Indie music has grown to include so much. It’s not just music that is released on independent labels, but speaks to an aesthetic that deviates from the norm and follows its own weirdo heart. It can come in the form of rock music, of pop, or of folk. In a sense, it says as much about the people that are drawn to it as it does about the people that make it.
Every week, Uproxx is rounding up the very best of the indie releases from the past seven days. This week offered up another staggering album from legends Spiritualized, a posthumous stunner from Charles Bradley, and new short works from the likes of Waxahatchee and The Mountain Goats. It was a pretty great week for indie music.
Spiritualized — And Nothing Hurt
Though traditionally dubbed space rock, there is also something remarkably grounded about Spiritualized as a musical project. Their roots are less in the cosmos and more in pop music traditions. On Jason Pierce’s latest, and his first Spiritualized album since 2012, he’s in top form even though the album was recorded almost completely solo in his apartment. As I wrote in my review of the record, “Spiritualized is a portal to bygone days, when music was expected to be bigger than a room and bigger than your resources.”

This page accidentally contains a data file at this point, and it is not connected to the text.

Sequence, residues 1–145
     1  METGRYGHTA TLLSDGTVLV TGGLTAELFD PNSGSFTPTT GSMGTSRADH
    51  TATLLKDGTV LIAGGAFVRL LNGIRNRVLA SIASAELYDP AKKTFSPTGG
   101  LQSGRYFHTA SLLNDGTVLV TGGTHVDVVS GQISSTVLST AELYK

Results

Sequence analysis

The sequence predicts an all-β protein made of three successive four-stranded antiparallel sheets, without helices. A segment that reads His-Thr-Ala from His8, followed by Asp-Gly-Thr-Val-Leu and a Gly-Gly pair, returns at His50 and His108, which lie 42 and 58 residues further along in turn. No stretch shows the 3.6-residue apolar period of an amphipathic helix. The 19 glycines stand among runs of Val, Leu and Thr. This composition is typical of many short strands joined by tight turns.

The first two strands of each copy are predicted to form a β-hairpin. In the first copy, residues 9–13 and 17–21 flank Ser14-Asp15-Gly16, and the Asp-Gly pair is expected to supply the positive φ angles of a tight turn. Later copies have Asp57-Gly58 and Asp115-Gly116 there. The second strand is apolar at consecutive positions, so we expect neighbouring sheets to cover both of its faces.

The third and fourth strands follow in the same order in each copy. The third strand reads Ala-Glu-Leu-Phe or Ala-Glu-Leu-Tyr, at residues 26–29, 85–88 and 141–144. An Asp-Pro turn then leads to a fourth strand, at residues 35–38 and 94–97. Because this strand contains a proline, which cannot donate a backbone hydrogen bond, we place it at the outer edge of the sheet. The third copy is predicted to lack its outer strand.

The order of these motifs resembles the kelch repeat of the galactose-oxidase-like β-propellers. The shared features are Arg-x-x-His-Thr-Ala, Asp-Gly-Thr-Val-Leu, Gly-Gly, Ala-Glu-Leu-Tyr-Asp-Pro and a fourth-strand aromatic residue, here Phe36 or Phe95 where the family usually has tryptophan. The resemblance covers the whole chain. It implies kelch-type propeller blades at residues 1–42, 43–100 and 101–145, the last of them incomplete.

Waxahatchee — Great Thunder
One of a couple short releases on this week’s list, Waxahatchee‘s latest finds her repurposing old songs for a new purpose. Recorded for a now-defunct project called Great Thunder, the songs date back to the Cerulean Salt-era, with the track “Chapel Of Pines” recasting Katie Crutchfield closer to her southern roots than she usually drifts.
The Blaze — Dancehall
French duo The Blaze operate in a very specific realm, which we’ll dub cinematic electronica for the next couple of sentences. It’s not just cinematic because the songs often are paired with ambitious video narratives, but just in the scope, building to huge cathartic peaks and almost demanding other senses be put to work beyond just hearing. This audio-visual marriage is the kind of pairing that makes it feel like the future is now. Fortunately, the songs of The Blaze or more than able to exist comfortably on their own.